This Hour Has 22 Minutes newest star Trent McClellan comes home on tour

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One of the most popular sketches in This Hour Has 22 Minutes this season revolved around a so-called pot sobriety test.

The sketch went viral this year on YouTube and the CBC website.

It had Mark Critch playing an RCMP officer who happens upon a car filled with smoke and a pot-addled couple played by Trent McClellan and Susan Kent. The officer administers various tests to measure how easily they get the giggles and whether or not they were suffering from marijuana-induced “munchies.”

It was shot in a quiet neighbourhood in Halifax. Critch was dressed in a full police uniform. A dry-ice machine was in the back of the car so that smoke would billow out the windows when opened. Meanwhile, the baldheaded McClellan was fitted with an unruly, frizzy-haired wig.

“In between takes, I looked out the window and there was a real police officer in the intersection directing traffic for us,” says the Calgary-based comedian. “Mark is impersonating a police officer and we’re playing these two stoners. I thought ‘This is such a surreal situation.’ We’re getting paid to do this? He’s just looking over at us laughing.”

It was one of many surreal moments for McClellan, who joined the cast of the venerable CBC comedy show for its 2017/2018 season. For six months, he chased the news for comedic fodder, performed in sketches and generally lived the hectic life of a prime-time player starring in a topical, fast-paced TV series. This Hour Has 22 Minutes has been renewed for another season, but McClellan doesn’t know yet if his contract will be picked up. He will likely find out in a couple of weeks.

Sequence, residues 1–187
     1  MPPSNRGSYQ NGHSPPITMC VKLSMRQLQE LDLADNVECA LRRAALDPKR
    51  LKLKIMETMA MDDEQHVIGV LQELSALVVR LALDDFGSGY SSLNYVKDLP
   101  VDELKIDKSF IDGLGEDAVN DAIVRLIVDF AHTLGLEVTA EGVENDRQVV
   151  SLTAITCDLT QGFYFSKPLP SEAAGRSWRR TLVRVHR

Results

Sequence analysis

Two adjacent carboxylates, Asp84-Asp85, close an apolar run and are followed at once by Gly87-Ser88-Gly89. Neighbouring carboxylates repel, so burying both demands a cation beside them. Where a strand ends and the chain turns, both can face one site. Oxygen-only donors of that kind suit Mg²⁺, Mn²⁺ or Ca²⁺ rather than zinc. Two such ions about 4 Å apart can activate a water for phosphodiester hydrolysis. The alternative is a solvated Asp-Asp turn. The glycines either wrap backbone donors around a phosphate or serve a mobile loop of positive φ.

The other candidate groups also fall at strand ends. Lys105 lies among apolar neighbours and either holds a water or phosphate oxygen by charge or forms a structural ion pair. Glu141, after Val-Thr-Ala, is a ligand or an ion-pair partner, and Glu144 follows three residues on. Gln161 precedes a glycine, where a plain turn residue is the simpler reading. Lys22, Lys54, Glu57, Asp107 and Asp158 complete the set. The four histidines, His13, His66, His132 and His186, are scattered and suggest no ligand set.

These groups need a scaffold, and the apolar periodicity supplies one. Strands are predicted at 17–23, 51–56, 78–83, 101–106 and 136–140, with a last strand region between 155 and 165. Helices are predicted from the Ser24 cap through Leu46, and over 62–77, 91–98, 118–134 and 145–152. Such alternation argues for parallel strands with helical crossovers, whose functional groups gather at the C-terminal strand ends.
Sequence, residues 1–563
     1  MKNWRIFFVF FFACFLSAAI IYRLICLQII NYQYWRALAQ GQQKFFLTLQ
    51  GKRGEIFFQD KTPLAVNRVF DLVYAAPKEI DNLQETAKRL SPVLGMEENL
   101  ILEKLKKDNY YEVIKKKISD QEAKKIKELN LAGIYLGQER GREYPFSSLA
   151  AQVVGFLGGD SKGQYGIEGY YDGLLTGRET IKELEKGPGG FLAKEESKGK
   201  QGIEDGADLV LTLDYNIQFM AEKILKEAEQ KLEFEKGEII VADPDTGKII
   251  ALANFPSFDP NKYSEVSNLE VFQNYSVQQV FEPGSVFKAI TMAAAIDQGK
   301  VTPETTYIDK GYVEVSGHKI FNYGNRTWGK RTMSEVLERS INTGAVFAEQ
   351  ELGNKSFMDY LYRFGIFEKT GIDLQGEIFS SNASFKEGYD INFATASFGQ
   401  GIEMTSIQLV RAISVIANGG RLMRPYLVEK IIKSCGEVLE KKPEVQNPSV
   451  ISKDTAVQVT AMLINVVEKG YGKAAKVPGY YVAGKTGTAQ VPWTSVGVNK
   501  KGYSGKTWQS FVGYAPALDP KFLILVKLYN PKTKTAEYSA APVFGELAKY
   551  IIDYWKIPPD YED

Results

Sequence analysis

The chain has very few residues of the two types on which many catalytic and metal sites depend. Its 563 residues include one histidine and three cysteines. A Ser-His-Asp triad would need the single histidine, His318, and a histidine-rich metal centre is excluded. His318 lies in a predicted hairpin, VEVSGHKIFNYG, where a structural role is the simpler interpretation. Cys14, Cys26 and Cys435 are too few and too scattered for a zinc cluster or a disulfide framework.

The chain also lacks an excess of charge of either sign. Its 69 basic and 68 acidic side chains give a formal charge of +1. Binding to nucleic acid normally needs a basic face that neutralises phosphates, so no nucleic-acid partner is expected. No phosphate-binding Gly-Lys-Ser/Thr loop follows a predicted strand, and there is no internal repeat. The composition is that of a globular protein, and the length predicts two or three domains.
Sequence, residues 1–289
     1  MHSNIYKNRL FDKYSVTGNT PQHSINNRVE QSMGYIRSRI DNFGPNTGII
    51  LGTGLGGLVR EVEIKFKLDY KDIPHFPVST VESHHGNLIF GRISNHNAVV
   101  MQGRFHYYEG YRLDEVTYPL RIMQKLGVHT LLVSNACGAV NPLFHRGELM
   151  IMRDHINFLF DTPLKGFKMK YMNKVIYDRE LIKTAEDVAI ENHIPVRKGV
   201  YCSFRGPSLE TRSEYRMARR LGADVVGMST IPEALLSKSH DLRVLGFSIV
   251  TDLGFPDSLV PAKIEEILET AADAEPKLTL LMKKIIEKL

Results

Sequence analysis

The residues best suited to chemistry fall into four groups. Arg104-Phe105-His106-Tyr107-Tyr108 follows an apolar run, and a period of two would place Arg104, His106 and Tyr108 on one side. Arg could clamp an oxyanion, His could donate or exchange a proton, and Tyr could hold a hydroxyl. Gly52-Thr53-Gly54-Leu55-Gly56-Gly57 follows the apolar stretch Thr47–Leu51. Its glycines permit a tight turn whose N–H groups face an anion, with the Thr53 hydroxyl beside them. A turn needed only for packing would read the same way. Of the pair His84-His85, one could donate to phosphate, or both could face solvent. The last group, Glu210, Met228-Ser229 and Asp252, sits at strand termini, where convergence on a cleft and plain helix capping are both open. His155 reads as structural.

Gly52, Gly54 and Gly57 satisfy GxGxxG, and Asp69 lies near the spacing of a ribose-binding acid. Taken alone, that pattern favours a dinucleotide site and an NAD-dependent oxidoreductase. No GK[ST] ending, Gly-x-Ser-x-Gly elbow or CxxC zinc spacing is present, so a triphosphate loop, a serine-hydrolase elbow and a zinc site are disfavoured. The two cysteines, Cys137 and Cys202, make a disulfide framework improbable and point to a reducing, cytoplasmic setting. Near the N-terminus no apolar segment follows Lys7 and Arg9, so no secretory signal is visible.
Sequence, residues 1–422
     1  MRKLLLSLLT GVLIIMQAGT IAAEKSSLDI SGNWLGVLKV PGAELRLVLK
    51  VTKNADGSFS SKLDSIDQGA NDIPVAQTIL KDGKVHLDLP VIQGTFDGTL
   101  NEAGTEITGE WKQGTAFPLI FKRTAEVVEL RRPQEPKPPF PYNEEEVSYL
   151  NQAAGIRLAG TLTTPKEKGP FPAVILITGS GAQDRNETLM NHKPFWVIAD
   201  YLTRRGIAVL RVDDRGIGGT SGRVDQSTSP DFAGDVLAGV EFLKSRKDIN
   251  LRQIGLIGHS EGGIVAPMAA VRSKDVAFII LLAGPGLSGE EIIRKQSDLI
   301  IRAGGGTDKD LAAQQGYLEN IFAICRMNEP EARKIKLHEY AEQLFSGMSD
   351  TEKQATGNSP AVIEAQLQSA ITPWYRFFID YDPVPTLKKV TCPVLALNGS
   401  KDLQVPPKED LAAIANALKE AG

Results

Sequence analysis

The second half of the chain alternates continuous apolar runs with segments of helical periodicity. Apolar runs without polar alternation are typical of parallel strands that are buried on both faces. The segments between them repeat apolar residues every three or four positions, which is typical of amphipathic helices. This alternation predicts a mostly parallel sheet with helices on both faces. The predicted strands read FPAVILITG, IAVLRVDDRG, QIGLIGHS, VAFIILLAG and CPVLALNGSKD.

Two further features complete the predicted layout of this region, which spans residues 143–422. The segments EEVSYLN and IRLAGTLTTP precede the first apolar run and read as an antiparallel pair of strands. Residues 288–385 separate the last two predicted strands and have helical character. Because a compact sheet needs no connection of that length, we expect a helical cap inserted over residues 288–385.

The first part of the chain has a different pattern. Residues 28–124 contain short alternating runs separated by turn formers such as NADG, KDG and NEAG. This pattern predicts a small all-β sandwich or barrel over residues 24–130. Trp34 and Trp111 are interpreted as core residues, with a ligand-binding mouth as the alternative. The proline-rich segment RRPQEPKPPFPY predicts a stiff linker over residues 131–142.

If it is, he said he would like to see his unruly coiffed pothead become a regular character.

“I think it would be really cool to bring those characters back, especially as pot gets legalized in July,” says McClellan. “It would be cool to have these two wandering through life in different situations.”

It is the type of humour that McClellan has specialized in on the standup circuit for the past 15 years. While This Hour has 22 Minutes often has a political bent, McClellan’s standup has always focused more on the absurdity of everyday life.

Born in Corner Brook, Nfld., in 1972, McClellan became a comedy convert as a teenager watching Eddie Murphy’s Delirious. But Newfoundland was not exactly a hotbed for comedy at the time. He didn’t try standup until arriving in Calgary in 2004. His first time at the mic was at the old Yuk Yuk’s at Hotel Blackfoot (now The Laugh Shop) on a Tuesday night, which was set aside for amateur comedians.

“I figured I’m only a few months into a new city, no one knows who I am and if I go up and die a horrible death it would be of no consequence,” he says with a laugh. “Luckily it went well. I was hooked after that. I often wonder what would have happened if my first set hadn’t gone well. Would I have had the courage to go back? I don’t know. But I got lucky and got laughs on my first set.”